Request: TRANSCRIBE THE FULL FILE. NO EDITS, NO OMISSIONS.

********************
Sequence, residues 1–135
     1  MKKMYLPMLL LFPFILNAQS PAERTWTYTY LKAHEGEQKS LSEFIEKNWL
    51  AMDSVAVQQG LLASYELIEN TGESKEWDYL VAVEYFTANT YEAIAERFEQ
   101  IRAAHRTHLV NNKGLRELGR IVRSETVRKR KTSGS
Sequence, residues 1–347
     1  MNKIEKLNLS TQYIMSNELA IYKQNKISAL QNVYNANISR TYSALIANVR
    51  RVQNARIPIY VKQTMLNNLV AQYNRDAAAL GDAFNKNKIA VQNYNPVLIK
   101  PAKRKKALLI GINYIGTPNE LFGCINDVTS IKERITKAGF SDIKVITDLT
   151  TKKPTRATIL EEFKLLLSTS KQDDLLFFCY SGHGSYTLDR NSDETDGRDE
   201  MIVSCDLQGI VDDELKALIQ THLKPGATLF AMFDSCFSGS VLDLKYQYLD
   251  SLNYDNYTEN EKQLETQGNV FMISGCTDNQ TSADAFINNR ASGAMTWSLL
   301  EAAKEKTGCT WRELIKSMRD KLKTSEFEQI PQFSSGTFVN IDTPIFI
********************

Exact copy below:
Sequence, residues 1–135
     1  MKKMYLPMLL LFPFILNAQS PAERTWTYTY LKAHEGEQKS LSEFIEKNWL
    51  AMDSVAVQQG LLASYELIEN TGESKEWDYL VAVEYFTANT YEAIAERFEQ
   101  IRAAHRTHLV NNKGLRELGR IVRSETVRKR KTSGS
Sequence, residues 1–347
     1  MNKIEKLNLS TQYIMSNELA IYKQNKISAL QNVYNANISR TYSALIANVR
    51  RVQNARIPIY VKQTMLNNLV AQYNRDAAAL GDAFNKNKIA VQNYNPVLIK
   101  PAKRKKALLI GINYIGTPNE LFGCINDVTS IKERITKAGF SDIKVITDLT
   151  TKKPTRATIL EEFKLLLSTS KQDDLLFFCY SGHGSYTLDR NSDETDGRDE
   201  MIVSCDLQGI VDDELKALIQ THLKPGATLF AMFDSCFSGS VLDLKYQYLD
   251  SLNYDNYTEN EKQLETQGNV FMISGCTDNQ TSADAFINNR ASGAMTWSLL
   301  EAAKEKTGCT WRELIKSMRD KLKTSEFEQI PQFSSGTFVN IDTPIFI